After reading the first chapter of “Clean Code” book and learning the LeBlanc’s law “Later equal never”, I decided to work on some problems in my code I was postponed for weeks. One of the interesting problems I was investigating is the problem of rotation, by rotation I mean when you rotate your phone to its side. So you may ask “what is the problem if I rotate my phone? I do that all the time and I still enjoy working on my app”. That’s my friend because the developers of your app take the time to handle the problem of rotating your phone back and forth between portrait position and landscape position. I will show you a simple example to demonstrate the problem for you.
Let’s try to build a Score app, it’s a simple app with only one activity, and it’s layout consists of a button and a text view to represent score when you press the button the score increases.
At the time I wrote this post I used this dependency
Add this line to gradle then sync the project.
In activity_main.xml the app layout is as follow:
Don’t forget to add the increase_score string to the string.xml.
For the MainActivity, it’s very straightforward, you setup onClickListener on the button and when you press the button the score will increase by one.
The output will be as follow:
But wait!!!, why the score was reset to zero when we rotated the screen?
When you rotate the device you change the configuration of the app. Configuration changes cause the activity to be destroyed and recreated again. This behavior allows you to use a specific layout when the device is rotated to its side.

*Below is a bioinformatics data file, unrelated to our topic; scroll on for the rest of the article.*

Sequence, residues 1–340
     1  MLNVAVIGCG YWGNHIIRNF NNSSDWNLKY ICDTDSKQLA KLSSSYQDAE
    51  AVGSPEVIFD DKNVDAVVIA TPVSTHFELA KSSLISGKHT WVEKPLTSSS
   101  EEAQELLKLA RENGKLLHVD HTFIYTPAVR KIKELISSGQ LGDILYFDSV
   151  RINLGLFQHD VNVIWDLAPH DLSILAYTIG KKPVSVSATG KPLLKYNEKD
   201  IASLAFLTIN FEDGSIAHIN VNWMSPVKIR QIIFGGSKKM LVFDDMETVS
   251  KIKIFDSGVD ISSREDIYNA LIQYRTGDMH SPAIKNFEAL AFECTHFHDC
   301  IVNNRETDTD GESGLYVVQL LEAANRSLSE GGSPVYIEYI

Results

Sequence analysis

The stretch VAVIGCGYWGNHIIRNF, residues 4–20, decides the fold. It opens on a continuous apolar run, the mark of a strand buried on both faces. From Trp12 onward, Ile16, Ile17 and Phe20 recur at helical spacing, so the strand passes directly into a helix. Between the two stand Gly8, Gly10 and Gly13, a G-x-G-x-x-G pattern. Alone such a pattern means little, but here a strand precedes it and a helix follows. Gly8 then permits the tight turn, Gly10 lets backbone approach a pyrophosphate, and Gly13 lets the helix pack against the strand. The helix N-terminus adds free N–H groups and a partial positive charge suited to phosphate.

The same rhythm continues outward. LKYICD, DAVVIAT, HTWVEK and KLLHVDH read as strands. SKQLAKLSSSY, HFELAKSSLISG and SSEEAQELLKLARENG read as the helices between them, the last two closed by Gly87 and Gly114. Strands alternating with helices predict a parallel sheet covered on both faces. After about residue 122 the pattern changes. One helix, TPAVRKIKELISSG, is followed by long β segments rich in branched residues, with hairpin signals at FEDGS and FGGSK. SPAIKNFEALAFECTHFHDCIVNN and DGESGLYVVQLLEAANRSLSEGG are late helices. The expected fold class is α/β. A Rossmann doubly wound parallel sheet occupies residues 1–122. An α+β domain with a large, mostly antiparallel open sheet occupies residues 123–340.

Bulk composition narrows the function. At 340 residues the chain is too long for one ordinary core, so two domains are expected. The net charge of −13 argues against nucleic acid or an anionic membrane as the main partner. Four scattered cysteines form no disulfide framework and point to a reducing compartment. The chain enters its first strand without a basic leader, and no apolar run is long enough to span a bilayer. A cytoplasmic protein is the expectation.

For our app, that’s mean the score will be reset back to zero every time we rotate the screen, and of course, we don’t want that behavior, we want to keep the score even if we rotate the screen. Here comes the ViewModel class in handy.
You need to hold and manage the data that related to the UI so it not affected by the activity life-cycle, that’s how ViewModel class is designed. It allows you to preserve your data during configuration changes such as screen rotations.
I personally didn’t appreciate the ViewModel enough until I encountered this issue. So how we can use ViewModel in our Score app to hold the score and not to reset it to zero every time we rotate the screen.
First, you need to make a ViewModel for your screen. I said “your screen” because in general, you need to make a ViewModel for each screen in your app. This ViewModel will hold all the data that been used in the associated screen. So basically you separate your data in the ViewModel from the code in your Activity or Fragment that display your data in the UI.
The ViewModel for Score app is as follow:
It’s a simple ViewModel right? It only consists of the score that we want to hold.
Now in MainActivity witch is your UI controller you need to create a member variable for the ViewModel. You need to call:
Now the MainActivity became as follow:
As you can notice we used the score value that was held in the ViewModel and whenever the activity is been recreated the score sets to the last value stored in the score value in the ViewModel and not being reset back to zero as before.
The output of the app will be as follow:
And yes that is the behavior that we want when you rotate the screen, the score is not affected.
This post was inspired by Lyla Fujiwara’s post on Medium that helped me to solve the orientation changes problem. She is an Android Developer Advocate at Google. I encourage you can to check her post for more information.
Here’s a Youtube video where Lyla talks about ViewModel.
You can find the project on my GitHub page.
We will talk about the ViewModel in more details in the future, but for now, that’s it for this week. If you have any questions, comments or feedback please let’s know in the comments.
Till next week.